SUNDAY, JULY 4
12:00 PM - Carole hosts a pool party for a dozen friends including Rex Harrison. She goes swimming and appears to be in good spirits. Carole tells her friends they have to leave early because she is having a private dinner with Rex Harrison. This is the seventh night in a row that they have dinner together. Rex Harrison is married to actress Lili Palmer and has a four year old son. Carole has been having an affair with him for over a year. Because of the affair she had filed for divorce from her husband Horace Schmidlapp. Financial problems had also forced her to put her Pacific Palisades home up for sale.
5:00 PM - Carole puts on a plaid skirt, a white blouse, and gold sandals. She is also wearing her favorite gold cross and a St. Christopher medal. Before dinner Carole and Rex Harrison each have a Scotch and Soda. They dine on cold roast chicken, a tossed salad, and lemon chiffon pie that Carole had baked herself. She plays "Warm Kiss, Cold Heart" on her phonograph. Rex Harrison will later claim they had a pleasant evening discussing Carole's career. The truth is Carole is hopelessly in love with him and desperately wants him to leave his wife. During the evening they get into an argument and he ends their relationship.
MONDAY, JULY 5
12:00 AM - Carole returns home and has a few drinks. Her autopsy would later show that her blood alcohol level was .12 which meant she was not drunk. She tries to call several friends including Marguerite Haymes but no one is home. Marguerite will get Carole's message later that evening but decides it's too late to call her back. Carole decides to write two final notes on her personal stationary. First she writes a four line lovers farewell to Rex Harrison. The she writes a heartbreaking note to her beloved mother. She folds the note to her mother and puts it on her dresser.
2:00 AM - Carole goes into her upstairs bathroom and takes an envelope filled with Secanol out of her cabinet. She was not a chronic user of Secanol. Her doctor had given her a prescription when she was hospitalized in October 1946. It appears that this was the first time she took any of the pills. There is writing on the envelope that says "Red - quick - 2 hours. Yellow, about 5, Can take 2. Use for severe pain". Carole swallows approximately forty Secanol tablets. She leaves the envelope and a glass of water on the bathroom counter. Then Carole goes into her bedroom and lays down on the bed for several minutes.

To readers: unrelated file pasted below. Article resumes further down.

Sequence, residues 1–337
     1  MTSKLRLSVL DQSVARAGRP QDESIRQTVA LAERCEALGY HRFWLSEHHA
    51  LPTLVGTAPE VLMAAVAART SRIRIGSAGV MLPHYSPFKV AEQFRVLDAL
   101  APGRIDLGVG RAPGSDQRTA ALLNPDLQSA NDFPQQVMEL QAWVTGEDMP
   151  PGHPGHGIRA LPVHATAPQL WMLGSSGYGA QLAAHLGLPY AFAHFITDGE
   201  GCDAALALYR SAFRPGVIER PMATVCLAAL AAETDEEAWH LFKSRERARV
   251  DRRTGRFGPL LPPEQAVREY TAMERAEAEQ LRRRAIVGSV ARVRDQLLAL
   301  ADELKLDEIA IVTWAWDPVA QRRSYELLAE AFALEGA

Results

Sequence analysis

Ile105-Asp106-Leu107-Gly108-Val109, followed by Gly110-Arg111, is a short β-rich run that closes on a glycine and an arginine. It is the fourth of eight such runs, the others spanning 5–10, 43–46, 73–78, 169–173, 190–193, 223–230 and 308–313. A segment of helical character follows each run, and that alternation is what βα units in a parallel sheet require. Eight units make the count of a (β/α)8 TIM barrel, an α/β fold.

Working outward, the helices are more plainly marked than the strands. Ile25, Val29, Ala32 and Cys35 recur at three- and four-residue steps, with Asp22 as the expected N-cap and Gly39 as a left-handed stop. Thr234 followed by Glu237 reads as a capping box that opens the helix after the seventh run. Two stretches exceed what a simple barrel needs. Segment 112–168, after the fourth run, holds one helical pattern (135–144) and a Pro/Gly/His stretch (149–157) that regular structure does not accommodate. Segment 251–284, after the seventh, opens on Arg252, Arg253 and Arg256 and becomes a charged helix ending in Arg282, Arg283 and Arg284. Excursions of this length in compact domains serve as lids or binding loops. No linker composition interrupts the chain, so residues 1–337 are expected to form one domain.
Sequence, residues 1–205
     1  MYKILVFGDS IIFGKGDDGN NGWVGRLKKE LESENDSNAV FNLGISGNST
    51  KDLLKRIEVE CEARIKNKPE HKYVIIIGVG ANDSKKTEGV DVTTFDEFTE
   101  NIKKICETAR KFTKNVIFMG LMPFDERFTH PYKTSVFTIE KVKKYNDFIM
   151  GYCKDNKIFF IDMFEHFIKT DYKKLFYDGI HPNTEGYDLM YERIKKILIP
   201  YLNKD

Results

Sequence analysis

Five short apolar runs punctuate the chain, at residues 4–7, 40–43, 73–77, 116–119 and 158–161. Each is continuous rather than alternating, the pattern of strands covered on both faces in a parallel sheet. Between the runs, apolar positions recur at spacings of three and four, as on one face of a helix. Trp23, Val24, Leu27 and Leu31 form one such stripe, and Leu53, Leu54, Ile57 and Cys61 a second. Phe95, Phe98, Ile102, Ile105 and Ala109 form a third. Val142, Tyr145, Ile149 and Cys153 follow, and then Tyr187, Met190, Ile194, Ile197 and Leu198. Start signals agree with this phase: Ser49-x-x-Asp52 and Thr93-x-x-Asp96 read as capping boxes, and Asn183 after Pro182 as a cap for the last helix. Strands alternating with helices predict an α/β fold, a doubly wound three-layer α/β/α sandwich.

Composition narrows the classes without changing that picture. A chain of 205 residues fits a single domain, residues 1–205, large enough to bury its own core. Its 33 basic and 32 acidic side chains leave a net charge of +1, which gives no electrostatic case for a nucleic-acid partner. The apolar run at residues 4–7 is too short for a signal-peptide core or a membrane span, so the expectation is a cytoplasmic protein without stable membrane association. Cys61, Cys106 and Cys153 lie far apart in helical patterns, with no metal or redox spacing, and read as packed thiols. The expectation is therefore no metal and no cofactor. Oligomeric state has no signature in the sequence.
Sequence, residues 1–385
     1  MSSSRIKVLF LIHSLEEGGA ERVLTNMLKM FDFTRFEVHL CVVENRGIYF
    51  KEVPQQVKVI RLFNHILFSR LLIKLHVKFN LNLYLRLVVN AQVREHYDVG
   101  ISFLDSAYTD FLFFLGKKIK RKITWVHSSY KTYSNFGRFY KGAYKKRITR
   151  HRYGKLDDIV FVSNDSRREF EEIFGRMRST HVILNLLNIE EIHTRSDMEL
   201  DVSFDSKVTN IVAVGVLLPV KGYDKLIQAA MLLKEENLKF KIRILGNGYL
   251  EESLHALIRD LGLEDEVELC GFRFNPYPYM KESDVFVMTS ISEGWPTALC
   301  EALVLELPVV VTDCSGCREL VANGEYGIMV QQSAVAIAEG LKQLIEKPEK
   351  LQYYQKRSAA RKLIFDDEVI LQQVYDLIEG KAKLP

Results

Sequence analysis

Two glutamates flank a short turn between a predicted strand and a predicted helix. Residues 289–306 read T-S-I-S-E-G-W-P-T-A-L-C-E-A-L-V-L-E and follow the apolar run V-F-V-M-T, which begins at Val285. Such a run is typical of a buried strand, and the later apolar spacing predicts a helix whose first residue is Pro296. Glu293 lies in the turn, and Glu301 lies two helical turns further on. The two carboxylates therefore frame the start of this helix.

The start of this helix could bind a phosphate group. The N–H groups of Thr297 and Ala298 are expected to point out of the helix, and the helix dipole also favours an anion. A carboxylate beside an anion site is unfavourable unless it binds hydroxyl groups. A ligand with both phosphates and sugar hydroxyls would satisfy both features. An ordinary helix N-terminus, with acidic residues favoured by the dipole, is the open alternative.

3:00 AM - She walks back into the bathroom where she collapses. Sadly Carole will die on the bathroom floor. She is lying on a carpet next to an open cabinet. Her arms are bent as if she had been trying to raise herself up. Carole's head is resting on a jewelry box and her left hand she is holding a satin bookmark with the Lord's Prayer on it. She had taken five times the amount of Secanol needed to cause death. Carole had suffered from bouts of depression during her life. This was the third time she had attempted suicide but in the past she had always been rescued by friends.
7:00 PM - Carole's mother Clara Ridste and her sister Dorothy Ross arrive at the house. Her mother is heard screaming "Oh my baby, I want to see my baby. Why didn't somebody call me?" and then collapses. Carole's body is taken to Bogg's and Mashmeyer's funeral home. Rumors circulate that she was pregnant with Rex Harrison's love child but her autopsy confirms that she was not pregnant. Carole was unable to have children because she suffered from endometriosis. The official cause of her death is "barbituate poisoning due to ingestion of overdose of Secanol". Her funeral is scheduled for Saturday, July 10 at Forest Lawn Memorial Park.
About marrying Rex Harrison: "Oh, I'd love to marry him but you know how those things are."
After Lupe Velez's 1944 suicide: "I know just how Lupe Velez felt. You go just so far, and then what have you got to face? There's always the fear of being washed up. You begin to worry. You get bitter and disillusioned. You fear the future because there's only one way to go and that's down.".
On July 2, 1948: "I've never been so happy in all my life. The sun's shining. It's a wonderful day!"